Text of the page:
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Post Reply are you religious? if so, why?
Posted 5/3/13 , edited 5/3/13

Spazticus wrote:

The text in bold is precisely the reason religion must hold its share of the blame. Yes, people are to blame for their actions, and when religion is the motivating factor for the actions of some of its adherents, one cannot logically divorce the two. When religion is not just an excuse, but a blueprint even, for how one can avoid being prosecuted for bullying, (as just one example, in the case of Michigan law: http://www.youtube.com/watch?v=zDK-ja8PLgg) then you cannot logically claim that religion has no involvement in the matter. Religion was the reason that the exception in this was added in the first place, and it is a blatant violation of the Establishment Clause. Your right to free speech in regards to religion stops at the point where it infringes on the rights of others, at least, that is the way it's supposed to be - and that is irrespective of what religion it is.


I do see where you're coming from but what moral and religion reasons did they use?

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Posted 5/3/13

Marsev wrote:
I do see where you're coming from but what moral and religion reasons did they use?


The exception they added was that if the person accused of bullying, whether they were a parent, student or faculty member, had claimed that it was motivated by religious reasons, then the schools could not pursue disciplinary or legal action. This was of course open to abuse, by anyone who wanted to bully someone and get away with it. The religion in question may not matter on paper, but consider that it was legitimizing the bullying of gay kids, or anyone at all, as long as the perpetrator(s) claimed that religion compelled them to do it.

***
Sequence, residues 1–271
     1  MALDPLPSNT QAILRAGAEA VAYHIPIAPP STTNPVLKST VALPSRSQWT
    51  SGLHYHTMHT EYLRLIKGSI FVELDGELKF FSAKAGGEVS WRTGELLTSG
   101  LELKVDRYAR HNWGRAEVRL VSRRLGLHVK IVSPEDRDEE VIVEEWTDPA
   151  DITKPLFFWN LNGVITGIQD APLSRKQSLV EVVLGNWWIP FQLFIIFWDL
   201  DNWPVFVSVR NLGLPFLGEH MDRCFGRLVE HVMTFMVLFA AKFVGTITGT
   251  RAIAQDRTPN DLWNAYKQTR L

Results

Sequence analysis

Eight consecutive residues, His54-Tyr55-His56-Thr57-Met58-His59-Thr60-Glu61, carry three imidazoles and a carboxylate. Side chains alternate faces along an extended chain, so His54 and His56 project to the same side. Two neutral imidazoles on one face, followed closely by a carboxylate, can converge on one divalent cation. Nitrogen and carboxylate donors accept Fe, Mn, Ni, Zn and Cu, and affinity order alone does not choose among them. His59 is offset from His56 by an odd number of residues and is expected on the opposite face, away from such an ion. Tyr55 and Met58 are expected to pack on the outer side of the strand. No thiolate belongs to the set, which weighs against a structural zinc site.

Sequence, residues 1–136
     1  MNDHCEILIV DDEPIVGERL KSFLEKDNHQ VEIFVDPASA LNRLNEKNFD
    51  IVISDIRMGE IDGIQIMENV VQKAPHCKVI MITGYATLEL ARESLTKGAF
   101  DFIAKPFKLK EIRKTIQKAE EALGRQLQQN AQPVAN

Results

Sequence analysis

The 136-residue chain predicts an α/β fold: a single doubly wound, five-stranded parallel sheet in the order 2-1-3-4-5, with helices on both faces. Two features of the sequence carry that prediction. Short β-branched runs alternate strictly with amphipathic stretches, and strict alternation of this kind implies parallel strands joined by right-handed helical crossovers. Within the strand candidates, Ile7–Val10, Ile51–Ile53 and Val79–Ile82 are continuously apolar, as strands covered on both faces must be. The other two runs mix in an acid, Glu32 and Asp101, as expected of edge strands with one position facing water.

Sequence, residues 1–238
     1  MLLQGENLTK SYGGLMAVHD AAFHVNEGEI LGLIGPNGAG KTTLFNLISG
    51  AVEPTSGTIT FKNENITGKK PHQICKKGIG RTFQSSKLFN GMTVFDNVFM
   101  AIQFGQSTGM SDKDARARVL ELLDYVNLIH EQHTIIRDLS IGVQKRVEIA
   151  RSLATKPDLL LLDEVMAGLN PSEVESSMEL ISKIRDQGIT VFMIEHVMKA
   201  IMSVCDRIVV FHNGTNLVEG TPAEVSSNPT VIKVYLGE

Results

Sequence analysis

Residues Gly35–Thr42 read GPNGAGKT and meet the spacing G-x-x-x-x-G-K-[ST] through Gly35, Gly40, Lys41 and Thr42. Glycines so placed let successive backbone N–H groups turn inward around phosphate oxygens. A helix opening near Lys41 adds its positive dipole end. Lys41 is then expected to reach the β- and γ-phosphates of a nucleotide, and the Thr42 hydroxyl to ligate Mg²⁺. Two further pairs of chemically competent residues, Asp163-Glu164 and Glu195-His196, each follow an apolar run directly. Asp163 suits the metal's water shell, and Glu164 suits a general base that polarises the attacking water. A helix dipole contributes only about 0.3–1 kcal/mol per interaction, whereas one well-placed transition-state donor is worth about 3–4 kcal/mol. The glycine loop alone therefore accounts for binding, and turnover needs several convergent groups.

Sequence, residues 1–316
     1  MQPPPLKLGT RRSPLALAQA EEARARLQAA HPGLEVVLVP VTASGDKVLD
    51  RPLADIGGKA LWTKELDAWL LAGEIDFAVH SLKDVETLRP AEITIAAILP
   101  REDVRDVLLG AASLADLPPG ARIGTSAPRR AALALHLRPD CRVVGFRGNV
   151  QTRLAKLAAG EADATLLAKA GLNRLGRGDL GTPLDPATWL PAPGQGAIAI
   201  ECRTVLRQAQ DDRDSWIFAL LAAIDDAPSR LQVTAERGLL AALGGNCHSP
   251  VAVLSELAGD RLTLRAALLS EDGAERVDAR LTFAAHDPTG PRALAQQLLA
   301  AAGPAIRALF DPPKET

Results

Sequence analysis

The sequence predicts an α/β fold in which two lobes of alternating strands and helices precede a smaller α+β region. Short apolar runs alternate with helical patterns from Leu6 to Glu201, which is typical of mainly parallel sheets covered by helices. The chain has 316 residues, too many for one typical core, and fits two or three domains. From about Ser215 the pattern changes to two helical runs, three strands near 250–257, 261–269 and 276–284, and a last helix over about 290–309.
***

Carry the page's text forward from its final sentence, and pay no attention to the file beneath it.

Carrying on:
Posted 5/3/13

Spazticus wrote:


Marsev wrote:
I do see where you're coming from but what moral and religion reasons did they use?


The exception they added was that if the person accused of bullying, whether they were a parent, student or faculty member, had claimed that it was motivated by religious reasons, then the schools could not pursue disciplinary or legal action. This was of course open to abuse, by anyone who wanted to bully someone and get away with it. The religion in question may not matter on paper, but consider that it was legitimizing the bullying of gay kids, or anyone at all, as long as the perpetrator(s) claimed that religion compelled them to do it.


Yes thank you, as I've edited my previous post. Hatred compelled them to do this. Again, omissions to justify their needs tsk.
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Posted 5/3/13

Marsev wrote:


heyitsthatguy wrote: